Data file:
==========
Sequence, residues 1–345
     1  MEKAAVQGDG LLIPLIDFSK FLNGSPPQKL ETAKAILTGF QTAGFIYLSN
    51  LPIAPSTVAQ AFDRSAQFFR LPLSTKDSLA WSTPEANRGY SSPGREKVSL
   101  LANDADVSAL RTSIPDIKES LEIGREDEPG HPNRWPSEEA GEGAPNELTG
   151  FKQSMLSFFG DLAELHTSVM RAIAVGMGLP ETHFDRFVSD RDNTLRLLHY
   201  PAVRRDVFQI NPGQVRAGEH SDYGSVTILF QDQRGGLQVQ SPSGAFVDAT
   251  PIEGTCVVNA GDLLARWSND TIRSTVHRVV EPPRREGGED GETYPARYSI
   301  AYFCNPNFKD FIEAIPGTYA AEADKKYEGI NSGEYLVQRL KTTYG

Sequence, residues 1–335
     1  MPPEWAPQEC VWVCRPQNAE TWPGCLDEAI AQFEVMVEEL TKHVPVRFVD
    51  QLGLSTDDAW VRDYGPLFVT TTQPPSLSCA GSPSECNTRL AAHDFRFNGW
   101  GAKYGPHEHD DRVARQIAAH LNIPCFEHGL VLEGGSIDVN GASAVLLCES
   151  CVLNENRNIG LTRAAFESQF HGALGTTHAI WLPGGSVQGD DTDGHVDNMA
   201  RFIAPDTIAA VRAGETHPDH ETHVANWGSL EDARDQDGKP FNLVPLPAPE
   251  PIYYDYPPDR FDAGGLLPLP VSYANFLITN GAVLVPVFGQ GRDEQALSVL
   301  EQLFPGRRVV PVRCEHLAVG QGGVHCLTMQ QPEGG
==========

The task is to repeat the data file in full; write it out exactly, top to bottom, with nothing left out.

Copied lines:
Sequence, residues 1–345
     1  MEKAAVQGDG LLIPLIDFSK FLNGSPPQKL ETAKAILTGF QTAGFIYLSN
    51  LPIAPSTVAQ AFDRSAQFFR LPLSTKDSLA WSTPEANRGY SSPGREKVSL
   101  LANDADVSAL RTSIPDIKES LEIGREDEPG HPNRWPSEEA GEGAPNELTG
   151  FKQSMLSFFG DLAELHTSVM RAIAVGMGLP ETHFDRFVSD RDNTLRLLHY
   201  PAVRRDVFQI NPGQVRAGEH SDYGSVTILF QDQRGGLQVQ SPSGAFVDAT
   251  PIEGTCVVNA GDLLARWSND TIRSTVHRVV EPPRREGGED GETYPARYSI
   301  AYFCNPNFKD FIEAIPGTYA AEADKKYEGI NSGEYLVQRL KTTYG

Sequence, residues 1–335
     1  MPPEWAPQEC VWVCRPQNAE TWPGCLDEAI AQFEVMVEEL TKHVPVRFVD
    51  QLGLSTDDAW VRDYGPLFVT TTQPPSLSCA GSPSECNTRL AAHDFRFNGW
   101  GAKYGPHEHD DRVARQIAAH LNIPCFEHGL VLEGGSIDVN GASAVLLCES
   151  CVLNENRNIG LTRAAFESQF HGALGTTHAI WLPGGSVQGD DTDGHVDNMA
   201  RFIAPDTIAA VRAGETHPDH ETHVANWGSL EDARDQDGKP FNLVPLPAPE
   251  PIYYDYPPDR FDAGGLLPLP VSYANFLITN GAVLVPVFGQ GRDEQALSVL
   301  EQLFPGRRVV PVRCEHLAVG QGGVHCLTMQ QPEGG